I was recently at a classis committee meeting that was authorizing $200 grants to persons from our classis churches who had registered for the RCA Conversations event to be held in Orlando in February. The grants were to be a dollar-for-dollar match to regional synod grants for that same purpose. Six names were on the list before us, all ministers; by category, one woman, one Korean, one native-American, one specialized minister, five local church pastors. In addition, our classis would likely have three other ministers present: one serving on the General Synod Council, one national staff person, and one serving on a denominational commission meeting concurrently to the event. These latter three persons were not eligible for scholarship as their presence is being underwritten by the denomination and they are serving the event in particular functions. As a group, these nine ministers will bring to the event over two hundred years of experience with RCA ministry in a diversity of venues and cultures. We are fortunate to have them present at the Conversations event. For most of them, it will involve a personal financial cost, even with scholarship assistance, to transport themselves there and back, as well as time away from their ministries.
Several committee members at the meeting expressed surprise that my name was not on the list and that I was not attending the event. I explained that, as a regular delegate to the 2011 General Synod last June, I had carefully studied the plans for the Conversation event, and had directly shared on the floor of General Synod my chief concerns about its purpose, its proposed process and its place in the future planning processes of the denomination. Neither at that point, nor in personal conversations with RCA staff since, have those concerns received any substantive response or satisfactory explanation. These unaddressed concerns, which I detail below, involve orderly church process, openness of participation, cost factors and adequacy of information to be shared at the event. Given the lack of response to them, I simply could not justify any personal participation, although I both hear and appreciate that others can; that their hope is for a classis “voice” to be expressed. My personal choice is to expend time and effort on a classis gathering to envision a local future under Belhar mandates.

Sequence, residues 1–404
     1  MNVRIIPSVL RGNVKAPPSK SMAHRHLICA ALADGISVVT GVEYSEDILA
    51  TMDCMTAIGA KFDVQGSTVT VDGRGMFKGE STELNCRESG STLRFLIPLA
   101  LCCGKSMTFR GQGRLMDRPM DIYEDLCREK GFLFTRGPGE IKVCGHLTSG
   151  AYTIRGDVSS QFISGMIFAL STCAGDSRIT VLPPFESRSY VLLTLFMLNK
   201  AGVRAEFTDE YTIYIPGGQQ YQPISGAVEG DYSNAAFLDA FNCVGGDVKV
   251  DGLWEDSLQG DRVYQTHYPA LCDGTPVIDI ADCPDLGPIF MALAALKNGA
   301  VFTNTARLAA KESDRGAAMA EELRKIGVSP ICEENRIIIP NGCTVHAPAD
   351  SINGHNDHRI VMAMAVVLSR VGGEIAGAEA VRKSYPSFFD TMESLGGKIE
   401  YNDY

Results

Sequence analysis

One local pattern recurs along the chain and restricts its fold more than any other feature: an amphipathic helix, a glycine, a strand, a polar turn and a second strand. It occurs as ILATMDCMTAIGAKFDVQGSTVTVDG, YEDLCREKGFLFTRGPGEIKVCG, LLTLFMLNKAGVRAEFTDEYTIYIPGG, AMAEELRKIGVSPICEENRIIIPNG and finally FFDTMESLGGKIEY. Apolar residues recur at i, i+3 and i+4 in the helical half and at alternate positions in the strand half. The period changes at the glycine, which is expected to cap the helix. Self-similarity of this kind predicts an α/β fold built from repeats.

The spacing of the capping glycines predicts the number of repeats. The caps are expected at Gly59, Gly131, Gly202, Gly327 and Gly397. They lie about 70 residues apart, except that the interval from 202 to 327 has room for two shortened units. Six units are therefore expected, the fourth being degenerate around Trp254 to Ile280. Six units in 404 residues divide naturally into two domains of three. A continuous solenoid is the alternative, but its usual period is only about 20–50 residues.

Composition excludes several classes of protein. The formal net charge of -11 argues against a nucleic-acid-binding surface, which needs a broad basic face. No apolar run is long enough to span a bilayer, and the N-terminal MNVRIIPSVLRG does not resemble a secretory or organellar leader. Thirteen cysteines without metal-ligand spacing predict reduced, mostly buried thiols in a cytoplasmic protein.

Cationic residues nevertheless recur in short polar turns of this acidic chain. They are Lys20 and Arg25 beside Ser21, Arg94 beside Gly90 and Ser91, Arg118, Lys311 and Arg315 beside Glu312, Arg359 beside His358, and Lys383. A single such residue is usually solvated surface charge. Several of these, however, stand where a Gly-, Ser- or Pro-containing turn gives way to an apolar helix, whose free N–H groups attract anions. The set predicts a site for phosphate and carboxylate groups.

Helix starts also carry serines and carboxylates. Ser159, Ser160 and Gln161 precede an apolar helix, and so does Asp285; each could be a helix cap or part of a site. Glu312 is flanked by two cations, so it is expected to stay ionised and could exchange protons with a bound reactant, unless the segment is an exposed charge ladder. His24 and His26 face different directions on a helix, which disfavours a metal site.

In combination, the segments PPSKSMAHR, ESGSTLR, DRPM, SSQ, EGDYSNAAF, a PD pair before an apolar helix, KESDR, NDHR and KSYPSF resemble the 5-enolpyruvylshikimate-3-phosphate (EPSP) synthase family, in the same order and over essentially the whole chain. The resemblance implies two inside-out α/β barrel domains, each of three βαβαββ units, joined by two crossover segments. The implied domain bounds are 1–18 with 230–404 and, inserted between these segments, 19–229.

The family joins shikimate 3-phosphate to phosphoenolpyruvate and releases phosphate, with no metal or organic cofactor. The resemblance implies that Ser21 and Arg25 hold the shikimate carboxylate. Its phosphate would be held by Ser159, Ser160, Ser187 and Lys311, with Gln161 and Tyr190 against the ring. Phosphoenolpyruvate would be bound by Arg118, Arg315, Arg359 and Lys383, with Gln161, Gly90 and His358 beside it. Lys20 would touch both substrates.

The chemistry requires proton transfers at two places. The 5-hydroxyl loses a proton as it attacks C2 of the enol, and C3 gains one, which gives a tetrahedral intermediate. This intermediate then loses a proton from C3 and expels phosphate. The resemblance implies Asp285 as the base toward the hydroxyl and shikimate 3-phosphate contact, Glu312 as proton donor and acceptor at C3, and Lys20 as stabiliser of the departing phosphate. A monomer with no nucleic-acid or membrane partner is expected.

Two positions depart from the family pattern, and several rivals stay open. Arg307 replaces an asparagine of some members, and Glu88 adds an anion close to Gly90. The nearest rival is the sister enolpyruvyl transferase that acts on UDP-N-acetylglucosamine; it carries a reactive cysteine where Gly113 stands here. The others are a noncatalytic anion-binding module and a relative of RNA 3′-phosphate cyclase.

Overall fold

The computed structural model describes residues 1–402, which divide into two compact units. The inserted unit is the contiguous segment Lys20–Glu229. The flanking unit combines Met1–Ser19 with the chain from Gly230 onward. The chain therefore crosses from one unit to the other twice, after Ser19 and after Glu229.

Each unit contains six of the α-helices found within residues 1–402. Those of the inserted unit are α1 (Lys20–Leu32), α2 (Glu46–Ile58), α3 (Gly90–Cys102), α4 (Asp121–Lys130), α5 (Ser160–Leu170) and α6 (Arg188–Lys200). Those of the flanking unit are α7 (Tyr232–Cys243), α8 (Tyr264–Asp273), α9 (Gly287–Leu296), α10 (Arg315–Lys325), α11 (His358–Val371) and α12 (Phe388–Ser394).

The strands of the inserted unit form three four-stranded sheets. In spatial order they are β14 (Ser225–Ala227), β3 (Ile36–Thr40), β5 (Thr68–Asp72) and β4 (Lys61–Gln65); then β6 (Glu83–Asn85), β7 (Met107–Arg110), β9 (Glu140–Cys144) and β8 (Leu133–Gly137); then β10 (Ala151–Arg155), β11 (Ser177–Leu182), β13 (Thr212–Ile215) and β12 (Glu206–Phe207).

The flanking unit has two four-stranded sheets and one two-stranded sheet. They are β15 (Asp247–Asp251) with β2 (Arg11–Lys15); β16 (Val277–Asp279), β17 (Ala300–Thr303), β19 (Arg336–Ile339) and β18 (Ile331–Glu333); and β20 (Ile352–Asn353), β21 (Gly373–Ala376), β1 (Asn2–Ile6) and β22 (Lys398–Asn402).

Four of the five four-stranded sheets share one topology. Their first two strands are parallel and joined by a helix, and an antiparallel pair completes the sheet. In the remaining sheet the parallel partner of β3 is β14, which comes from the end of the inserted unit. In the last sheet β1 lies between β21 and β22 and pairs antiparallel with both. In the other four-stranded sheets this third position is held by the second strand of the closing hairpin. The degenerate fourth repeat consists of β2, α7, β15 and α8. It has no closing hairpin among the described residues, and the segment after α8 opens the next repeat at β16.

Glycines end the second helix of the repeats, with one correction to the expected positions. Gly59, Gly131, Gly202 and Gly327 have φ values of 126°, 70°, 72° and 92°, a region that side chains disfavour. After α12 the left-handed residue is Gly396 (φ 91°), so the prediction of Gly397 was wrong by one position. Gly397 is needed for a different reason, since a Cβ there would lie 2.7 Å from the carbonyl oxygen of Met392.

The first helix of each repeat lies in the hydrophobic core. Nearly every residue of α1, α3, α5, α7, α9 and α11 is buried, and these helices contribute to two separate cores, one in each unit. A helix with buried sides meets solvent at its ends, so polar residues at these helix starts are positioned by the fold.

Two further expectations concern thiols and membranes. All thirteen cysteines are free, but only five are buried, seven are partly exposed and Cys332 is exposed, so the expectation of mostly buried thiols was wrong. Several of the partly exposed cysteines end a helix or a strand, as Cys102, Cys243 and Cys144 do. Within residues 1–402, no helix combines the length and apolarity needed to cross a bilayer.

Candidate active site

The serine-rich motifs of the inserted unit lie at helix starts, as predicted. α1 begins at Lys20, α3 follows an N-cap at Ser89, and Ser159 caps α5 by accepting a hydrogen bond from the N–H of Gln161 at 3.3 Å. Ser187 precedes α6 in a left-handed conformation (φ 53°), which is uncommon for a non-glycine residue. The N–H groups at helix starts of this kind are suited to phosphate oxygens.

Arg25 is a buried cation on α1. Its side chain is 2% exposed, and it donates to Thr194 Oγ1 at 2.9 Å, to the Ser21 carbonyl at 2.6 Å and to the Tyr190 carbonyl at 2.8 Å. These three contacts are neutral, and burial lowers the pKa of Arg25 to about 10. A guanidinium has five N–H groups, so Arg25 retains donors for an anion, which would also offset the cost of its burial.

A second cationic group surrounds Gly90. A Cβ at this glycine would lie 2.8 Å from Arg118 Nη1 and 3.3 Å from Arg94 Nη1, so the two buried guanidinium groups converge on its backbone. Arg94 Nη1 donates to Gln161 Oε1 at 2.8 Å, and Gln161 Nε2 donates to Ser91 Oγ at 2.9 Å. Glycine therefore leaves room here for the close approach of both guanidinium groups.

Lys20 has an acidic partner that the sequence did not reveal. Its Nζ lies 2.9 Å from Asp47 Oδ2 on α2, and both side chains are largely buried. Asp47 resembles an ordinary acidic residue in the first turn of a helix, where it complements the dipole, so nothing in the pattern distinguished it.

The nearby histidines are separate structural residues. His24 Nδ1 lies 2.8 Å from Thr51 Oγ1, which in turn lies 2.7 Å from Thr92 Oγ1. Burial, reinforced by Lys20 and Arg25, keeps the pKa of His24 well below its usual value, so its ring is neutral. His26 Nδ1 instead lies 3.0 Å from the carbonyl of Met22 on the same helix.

The event is extra-ordinary; that is, it falls outside the decision-making process specified in the RCA Book of Church Order. We already have a structure for making our decisions in common; one that we used for the last decade of planning –i.e. the GS.
The process internal to the event suppresses rather than expresses the variety of visions for the future of the denomination. Hearing digests and summations of discussions is not equal to hearing the actual voices themselves. The process is a Temple veil between God’s people assembled and the Holy Spirit.
Participants are asked to envision the future of the RCA without the benefit of examining our past and present learnings. Without a full understanding of where we are, it is impossible to determine where we must go.
The venue, timing and cost limits the participation of RCA folk whose voices we need to hear directly. When heads are counted at Orlando, the vast majority of participants will be ministers with a scattering of lay leaders [elders and deacons]. The genius of RCA polity is the openness [at times near-chaos] of the assembly. Healing happens when the waters churn.
The overall rush to put into operation a second-decade plan is unwise. Not enough time is being allowed for the deep discernment required to articulate our common mission.
Planning by decades is not appropriate to a “black-swan” society, where flexibility is the hallmark of successful institutions. The bias of rushing things is always towards continuing to do what we have been doing because of its familiarity and vested interests.